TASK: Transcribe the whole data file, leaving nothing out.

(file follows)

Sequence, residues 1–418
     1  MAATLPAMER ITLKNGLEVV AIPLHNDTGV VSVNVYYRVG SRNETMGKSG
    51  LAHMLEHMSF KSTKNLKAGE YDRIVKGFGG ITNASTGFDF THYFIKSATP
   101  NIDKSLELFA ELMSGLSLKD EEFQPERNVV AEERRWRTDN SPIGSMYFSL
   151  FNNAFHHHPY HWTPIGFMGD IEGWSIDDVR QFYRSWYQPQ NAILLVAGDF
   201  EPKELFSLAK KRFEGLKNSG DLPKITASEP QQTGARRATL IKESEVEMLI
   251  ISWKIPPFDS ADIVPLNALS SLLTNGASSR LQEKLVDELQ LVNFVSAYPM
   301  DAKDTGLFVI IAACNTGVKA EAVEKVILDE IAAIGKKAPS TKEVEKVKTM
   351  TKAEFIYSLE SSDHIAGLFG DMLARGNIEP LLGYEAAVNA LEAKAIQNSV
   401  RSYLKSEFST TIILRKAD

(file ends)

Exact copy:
Sequence, residues 1–418
     1  MAATLPAMER ITLKNGLEVV AIPLHNDTGV VSVNVYYRVG SRNETMGKSG
    51  LAHMLEHMSF KSTKNLKAGE YDRIVKGFGG ITNASTGFDF THYFIKSATP
   101  NIDKSLELFA ELMSGLSLKD EEFQPERNVV AEERRWRTDN SPIGSMYFSL
   151  FNNAFHHHPY HWTPIGFMGD IEGWSIDDVR QFYRSWYQPQ NAILLVAGDF
   201  EPKELFSLAK KRFEGLKNSG DLPKITASEP QQTGARRATL IKESEVEMLI
   251  ISWKIPPFDS ADIVPLNALS SLLTNGASSR LQEKLVDELQ LVNFVSAYPM
   301  DAKDTGLFVI IAACNTGVKA EAVEKVILDE IAAIGKKAPS TKEVEKVKTM
   351  TKAEFIYSLE SSDHIAGLFG DMLARGNIEP LLGYEAAVNA LEAKAIQNSV
   401  RSYLKSEFST TIILRKAD